Posts Tagged ‘nameserver’

How to configure manually static IP address on Debian GNU/Linux / How to fix eth0 interface not brought up with error (networking restart is deprecated)

Friday, July 29th, 2011

I’ve recently had to manually assign a static IP address on one of the servers I manage, here is how I did it:             

debian:~# vim /etc/network/interfaces

Inside the file I placed:

# The primary network interface
allow-hotplug eth0
auto eth0
iface eth0 inet static address 192.168.0.2 netmask 255.255.255.0 broadcast 192.168.0.0 gateway 192.168.0.1 dns-nameservers 8.8.8.8 8.8.4.4 208.67.222.222 208.67.220.220

The broadcast and gateway configuration lines are not obligitory.
dns-nameservers would re-create /etc/resolv.conf file with the nameserver values specified which in these case are Google Public DNS servers and OpenDNS servers.

Very important variable is allow-hotplug eth0
If these variable with eth0 lan interface is omitted or missing (due to some some weird reason), the result would be the output you see from the command below:

debian:~# /etc/init.d/networking restart
Running /etc/init.d/networking restart is deprecated because it may not enable again some interfaces ... (warning).
Reconfiguring network interfaces...

Besides the /etc/init.d/networking restart is deprecated because it may not enable again some interfaces … (warning). , if the allow-hotplug eth0 variable is omitted the eth0 interface would not be brough up on next server boot or via the networking start/stop/restart init script.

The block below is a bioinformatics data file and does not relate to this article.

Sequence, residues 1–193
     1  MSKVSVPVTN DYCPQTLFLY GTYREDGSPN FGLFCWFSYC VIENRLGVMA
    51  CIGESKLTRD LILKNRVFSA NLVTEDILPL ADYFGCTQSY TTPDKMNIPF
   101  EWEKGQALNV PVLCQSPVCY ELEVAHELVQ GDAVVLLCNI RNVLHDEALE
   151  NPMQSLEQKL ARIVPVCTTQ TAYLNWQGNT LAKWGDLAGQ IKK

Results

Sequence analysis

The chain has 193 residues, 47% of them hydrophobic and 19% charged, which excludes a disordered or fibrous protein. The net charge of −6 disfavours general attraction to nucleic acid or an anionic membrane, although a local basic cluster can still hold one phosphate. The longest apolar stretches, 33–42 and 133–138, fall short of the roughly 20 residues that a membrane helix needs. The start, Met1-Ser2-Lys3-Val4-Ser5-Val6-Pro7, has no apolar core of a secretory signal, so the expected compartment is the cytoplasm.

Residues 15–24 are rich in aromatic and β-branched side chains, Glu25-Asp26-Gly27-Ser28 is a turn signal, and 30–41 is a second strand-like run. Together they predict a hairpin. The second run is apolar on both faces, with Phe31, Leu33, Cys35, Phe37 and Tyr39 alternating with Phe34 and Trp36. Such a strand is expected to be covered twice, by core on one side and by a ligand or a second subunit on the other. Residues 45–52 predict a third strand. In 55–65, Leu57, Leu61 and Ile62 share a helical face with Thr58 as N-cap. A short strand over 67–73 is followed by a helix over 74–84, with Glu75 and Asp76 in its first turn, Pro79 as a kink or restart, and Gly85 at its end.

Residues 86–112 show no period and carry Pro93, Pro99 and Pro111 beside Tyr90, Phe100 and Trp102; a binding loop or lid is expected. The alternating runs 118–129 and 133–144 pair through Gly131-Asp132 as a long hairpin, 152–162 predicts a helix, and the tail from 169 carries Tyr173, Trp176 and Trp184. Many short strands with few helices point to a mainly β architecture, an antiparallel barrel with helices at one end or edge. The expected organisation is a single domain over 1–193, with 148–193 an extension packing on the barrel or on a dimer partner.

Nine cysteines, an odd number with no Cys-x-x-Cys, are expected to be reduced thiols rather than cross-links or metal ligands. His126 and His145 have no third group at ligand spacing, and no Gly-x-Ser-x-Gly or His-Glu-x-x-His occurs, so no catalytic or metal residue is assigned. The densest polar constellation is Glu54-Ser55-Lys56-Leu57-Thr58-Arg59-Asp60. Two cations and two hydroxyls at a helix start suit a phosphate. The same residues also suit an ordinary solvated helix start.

My first reaction when I saw the message was that probably I’ll have to use invoke-rc.d, e.g.:
debian:~# invoke-rc.d networking restart
Running invoke-rc.d networking restart is deprecated because it may not enable again some interfaces ... (warning).

However as you see from above’s command output, running invoke-rc.d helped neither.

I was quite surprised with the inability to bring my network up for a while with the networking init script.
Interestingly using the command:

debian:~# ifup eth0

was able to succesfully bring up the network interface, whether still invoke-rc.d networking start failed.

After some wondering I finally figured out that the eth0 was not brought up by networking init script, because auto eth0 or allow-hotplug eth0 (which by the way are completely interchangable variables) were missing.

I added allow-hotplug eth0 and afterwards the networking script worked like a charm 😉

Speed up your DNS resolve if your Internet Service Provider DNS servers fail or resolve slowly / Privacy concerns of public DNS services use

Wednesday, March 30th, 2011

In my experience with many network Internet Service Providers by so far I’ve encountered a lot of DNS oddities and therefore surfing (web) and mail slowness.

It’s sometimes very irritating especially in cases, when I use my internet over Wireless public or university wireless networks.
In principle many of the Wireless routers which distribute the internet especially in organizations are badly configured and the slowness with DNS resolvings is an absolute classic.
If you haven’t encountered that slowness in opening web pages when connected from your University’s canteen, whether it’s fill with people for the lunch break, then I should say you’re really lucky!

My personal experience with this bad configured devices DNS services has been quite negative and every now and then I use to set and use public DNS servers like OpenDNS and Google DNS

Very often when I connect to a wireless network with my notebook running Debian Linux and the internet is too slow in opening pages I automatically set the Google or OpenDNS servers as a default DNS IP resolving servers.

1. DNS IP addresses of Google Public DNS are:

8.8.8.7
and
8.8.8.8

2. OpenDNS Public DNS servers has the IP addresses of: